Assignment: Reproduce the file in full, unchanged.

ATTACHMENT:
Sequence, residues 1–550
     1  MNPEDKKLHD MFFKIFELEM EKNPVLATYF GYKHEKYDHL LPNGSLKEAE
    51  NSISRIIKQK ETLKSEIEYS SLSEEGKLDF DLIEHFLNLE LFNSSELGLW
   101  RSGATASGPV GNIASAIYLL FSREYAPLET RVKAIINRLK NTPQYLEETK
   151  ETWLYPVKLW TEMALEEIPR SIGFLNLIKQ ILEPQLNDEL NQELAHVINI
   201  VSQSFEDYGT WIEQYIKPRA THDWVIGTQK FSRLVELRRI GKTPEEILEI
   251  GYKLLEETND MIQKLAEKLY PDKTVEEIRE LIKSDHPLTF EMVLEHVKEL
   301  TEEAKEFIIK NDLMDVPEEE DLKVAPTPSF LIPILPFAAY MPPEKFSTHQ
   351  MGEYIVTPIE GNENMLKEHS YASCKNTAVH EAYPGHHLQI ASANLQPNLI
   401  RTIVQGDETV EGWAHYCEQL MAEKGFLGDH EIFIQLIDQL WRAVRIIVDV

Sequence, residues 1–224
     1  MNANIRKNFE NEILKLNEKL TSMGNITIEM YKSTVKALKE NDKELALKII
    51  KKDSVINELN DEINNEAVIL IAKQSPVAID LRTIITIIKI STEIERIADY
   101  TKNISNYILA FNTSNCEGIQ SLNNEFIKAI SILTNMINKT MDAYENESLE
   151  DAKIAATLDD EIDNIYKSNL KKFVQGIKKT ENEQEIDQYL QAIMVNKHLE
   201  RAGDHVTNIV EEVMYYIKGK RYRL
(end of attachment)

Sequence, residues 1–550
     1  MNPEDKKLHD MFFKIFELEM EKNPVLATYF GYKHEKYDHL LPNGSLKEAE
    51  NSISRIIKQK ETLKSEIEYS SLSEEGKLDF DLIEHFLNLE LFNSSELGLW
   101  RSGATASGPV GNIASAIYLL FSREYAPLET RVKAIINRLK NTPQYLEETK
   151  ETWLYPVKLW TEMALEEIPR SIGFLNLIKQ ILEPQLNDEL NQELAHVINI
   201  VSQSFEDYGT WIEQYIKPRA THDWVIGTQK FSRLVELRRI GKTPEEILEI
   251  GYKLLEETND MIQKLAEKLY PDKTVEEIRE LIKSDHPLTF EMVLEHVKEL
   301  TEEAKEFIIK NDLMDVPEEE DLKVAPTPSF LIPILPFAAY MPPEKFSTHQ
   351  MGEYIVTPIE GNENMLKEHS YASCKNTAVH EAYPGHHLQI ASANLQPNLI
   401  RTIVQGDETV EGWAHYCEQL MAEKGFLGDH EIFIQLIDQL WRAVRIIVDV

Sequence, residues 1–224
     1  MNANIRKNFE NEILKLNEKL TSMGNITIEM YKSTVKALKE NDKELALKII
    51  KKDSVINELN DEINNEAVIL IAKQSPVAID LRTIITIIKI STEIERIADY
   101  TKNISNYILA FNTSNCEGIQ SLNNEFIKAI SILTNMINKT MDAYENESLE
   151  DAKIAATLDD EIDNIYKSNL KKFVQGIKKT ENEQEIDQYL QAIMVNKHLE
   201  RAGDHVTNIV EEVMYYIKGK RYRL